Front Page Titles (by Subject) Number XX.: Of Chaplains. - The Independent Whig, vol. 1 (7th ed. 1743)
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Number XX.: Of Chaplains. - Thomas Gordon, The Independent Whig, vol. 1 (7th ed. 1743) 
The Independent Whig: or, a Defence of Primitive Christianity, And of Our Ecclesiastical Establishment, against The Exorbitant Claims and Encroachments of Fanatical and Disaffected Clergymen. The Seventh Edition, with Additions and Amendments (London: J. Peele, 1743). Vol. 1.
Part of: The Independent Whig, 4 vols.
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Wednesday, June 1. 1720.
AS between the several Acts of the most grave and solemn Tragedies, it is allowed to divert the Company with a Dance, or a Song, so in this Paper, I shall descend to entertain my Readers with a Dissertation upon Chaplains, who are a Sort of expensive Domestics, which none but great Families can entertain. How or when this venerable Piece of Houshold-stuff became first in Use, is not certainly determined, that I know of; but it is certain, that he is left intirely out of the Roll of Ecclesiastical Officers mentioned in the New Testament; his Use and Importance being not thought of, or forgot to be mentioned, by St. Paul, though not by Mr. Collier, who has supplied the Omission of the Apostle, and discovered the same.
It is likely, That Chaplains were first invented and brought into Fashion, in the dark and barbarous Ages; and so Custom has continued what Ignorance began. To these Days of Darkness is owing the marvellous Increase of lazy Monks, and cheating Friers; in which black Swarm of Reverend Idlers, probably, first crept in this supernumerary Levite. It is well known, that worthless and designing Priests have always advanced and nourished Superstition, being very sensible, that it would in Return nourish and multiply Them. Thus Priestcraft and Bigotry beget each other; and being so near a-kin, perpetually maintain the mutual Relation.
The Office of a Chaplain is, according to Mr. Collier, to Pray for, Bless, and give Absolution to those he is concerned for ------ “All which, says he, are Acts of Authority and Jurisdiction.” If this last Assertion be true, it is enough to destroy all Charity; since at this rate of Reasoning, I ought to be afraid of throwing a Farthing to an Alms-woman, lest she should be thereby provoked to Pray for and Bless me, and by that means acquire Jurisdiction over me. And who would not rather deny his Charity, than give away his Liberty?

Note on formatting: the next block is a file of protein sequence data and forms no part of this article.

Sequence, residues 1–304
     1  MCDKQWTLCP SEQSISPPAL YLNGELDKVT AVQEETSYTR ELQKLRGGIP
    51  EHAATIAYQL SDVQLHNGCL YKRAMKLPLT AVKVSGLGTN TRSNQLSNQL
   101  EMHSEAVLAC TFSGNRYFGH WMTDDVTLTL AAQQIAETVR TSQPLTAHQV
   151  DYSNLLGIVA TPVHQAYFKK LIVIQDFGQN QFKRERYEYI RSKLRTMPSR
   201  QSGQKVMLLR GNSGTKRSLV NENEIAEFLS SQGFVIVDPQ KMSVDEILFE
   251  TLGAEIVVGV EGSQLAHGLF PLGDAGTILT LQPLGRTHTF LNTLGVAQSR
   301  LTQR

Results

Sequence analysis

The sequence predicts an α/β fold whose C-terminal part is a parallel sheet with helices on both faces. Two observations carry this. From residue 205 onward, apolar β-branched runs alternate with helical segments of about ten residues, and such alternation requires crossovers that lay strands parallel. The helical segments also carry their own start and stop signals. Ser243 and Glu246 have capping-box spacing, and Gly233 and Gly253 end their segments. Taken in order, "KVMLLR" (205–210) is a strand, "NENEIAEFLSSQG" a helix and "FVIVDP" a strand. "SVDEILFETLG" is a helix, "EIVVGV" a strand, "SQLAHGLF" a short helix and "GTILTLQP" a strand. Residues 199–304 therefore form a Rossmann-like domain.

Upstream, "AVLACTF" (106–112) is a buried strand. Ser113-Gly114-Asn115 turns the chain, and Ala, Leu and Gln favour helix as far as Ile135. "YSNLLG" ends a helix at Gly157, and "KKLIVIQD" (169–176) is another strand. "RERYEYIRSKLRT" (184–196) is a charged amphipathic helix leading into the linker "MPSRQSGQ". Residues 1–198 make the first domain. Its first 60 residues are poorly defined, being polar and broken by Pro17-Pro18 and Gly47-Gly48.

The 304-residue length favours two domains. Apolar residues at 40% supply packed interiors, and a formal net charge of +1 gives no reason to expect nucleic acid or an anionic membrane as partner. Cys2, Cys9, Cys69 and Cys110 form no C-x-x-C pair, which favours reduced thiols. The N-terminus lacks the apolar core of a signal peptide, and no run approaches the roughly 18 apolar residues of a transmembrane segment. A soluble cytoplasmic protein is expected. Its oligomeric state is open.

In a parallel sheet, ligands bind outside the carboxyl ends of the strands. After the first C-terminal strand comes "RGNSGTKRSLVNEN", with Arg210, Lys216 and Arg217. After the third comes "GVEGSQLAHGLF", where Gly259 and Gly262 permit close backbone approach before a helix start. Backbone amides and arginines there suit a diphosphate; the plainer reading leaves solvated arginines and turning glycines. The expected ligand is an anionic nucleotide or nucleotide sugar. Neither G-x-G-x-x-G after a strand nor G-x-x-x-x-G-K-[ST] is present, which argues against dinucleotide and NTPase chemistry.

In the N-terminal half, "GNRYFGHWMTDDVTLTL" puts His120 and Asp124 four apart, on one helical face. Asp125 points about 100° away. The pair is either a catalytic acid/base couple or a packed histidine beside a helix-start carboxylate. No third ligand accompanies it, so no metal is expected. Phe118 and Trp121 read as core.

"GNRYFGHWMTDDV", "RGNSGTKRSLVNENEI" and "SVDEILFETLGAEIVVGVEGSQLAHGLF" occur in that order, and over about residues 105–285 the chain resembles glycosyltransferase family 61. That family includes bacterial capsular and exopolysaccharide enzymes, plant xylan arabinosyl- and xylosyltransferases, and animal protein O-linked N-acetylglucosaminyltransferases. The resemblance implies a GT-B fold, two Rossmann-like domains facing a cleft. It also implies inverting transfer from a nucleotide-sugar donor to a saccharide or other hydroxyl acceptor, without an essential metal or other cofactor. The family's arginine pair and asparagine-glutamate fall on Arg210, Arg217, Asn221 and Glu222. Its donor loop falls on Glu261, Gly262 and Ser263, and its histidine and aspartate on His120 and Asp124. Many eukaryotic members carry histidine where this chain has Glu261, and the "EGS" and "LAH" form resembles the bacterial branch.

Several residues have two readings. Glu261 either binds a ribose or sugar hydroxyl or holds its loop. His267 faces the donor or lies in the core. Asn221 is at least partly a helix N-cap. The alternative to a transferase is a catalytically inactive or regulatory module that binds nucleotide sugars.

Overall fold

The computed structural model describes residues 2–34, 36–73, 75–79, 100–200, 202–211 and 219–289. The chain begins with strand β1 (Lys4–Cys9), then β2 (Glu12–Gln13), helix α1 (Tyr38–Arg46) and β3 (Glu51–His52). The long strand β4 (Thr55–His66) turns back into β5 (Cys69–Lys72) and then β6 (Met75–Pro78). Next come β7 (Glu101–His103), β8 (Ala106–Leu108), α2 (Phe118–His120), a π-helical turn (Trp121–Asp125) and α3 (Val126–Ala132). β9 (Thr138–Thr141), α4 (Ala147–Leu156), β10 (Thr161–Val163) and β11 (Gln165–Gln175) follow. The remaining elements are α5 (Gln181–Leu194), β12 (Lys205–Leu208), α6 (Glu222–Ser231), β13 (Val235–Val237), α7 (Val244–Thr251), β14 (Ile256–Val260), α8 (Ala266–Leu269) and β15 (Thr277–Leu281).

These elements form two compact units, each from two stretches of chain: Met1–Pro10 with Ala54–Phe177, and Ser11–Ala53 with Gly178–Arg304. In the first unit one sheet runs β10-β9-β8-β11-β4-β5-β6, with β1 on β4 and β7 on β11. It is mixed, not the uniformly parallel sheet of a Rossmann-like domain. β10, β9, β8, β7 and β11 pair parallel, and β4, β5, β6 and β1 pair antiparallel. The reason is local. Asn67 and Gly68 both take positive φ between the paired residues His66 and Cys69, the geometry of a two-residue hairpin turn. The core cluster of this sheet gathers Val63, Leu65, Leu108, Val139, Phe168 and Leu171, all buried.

To shew that Mr. Collier is very much in Earnest in bestowing this same Authority upon this his Domestic Parson, he puts a Rod in his Hand against the Master of the Family himself, whom, it seems, it is his Right to counsel, exhort and reprove; which Offices, he says, are “inconsistent with the Condition of a Servant.” The Chaplain therefore is, in the first Place, a much Wiser Man, as well as a more Holy, than my Lord is; and in the second Place, it is his Duty to owe my Lord no Duty at all in the Capacity of a Servant to a Superior.
After he has put the Clergy in “joint Commission with the Angels themselves,” as he says God has done; it is no wonder that he will not allow the meanest of them to be any Man’s Servant, how great soever. He therefore reasons against the 13th of Henry VIII. because it calls the Patrons of Chaplains their Masters. If some of them “formerly were Stewards and Clerks of the Kitchen to People of Distinction,” as he says Bishop Latimer complains some of them were forced to be in his Time; I cannot see for all that how they could, according to Mr. Collier, suffer by it in their Dignity and Reputations; because, for as good Reasons as before, their gathering the Rent, and going to Market for Provision, might give them Jurisdiction over the Person who employed them. I cannot therefore join with some of the Critics in censureing the Author of the Scornful Lady, for dispatching Parson Roger in a Morning, with his Basket under his Arm, to scour the Roosts, and gather Eggs; the same being a primitive Branch of his Office, if we may believe the aforesaid Bishop.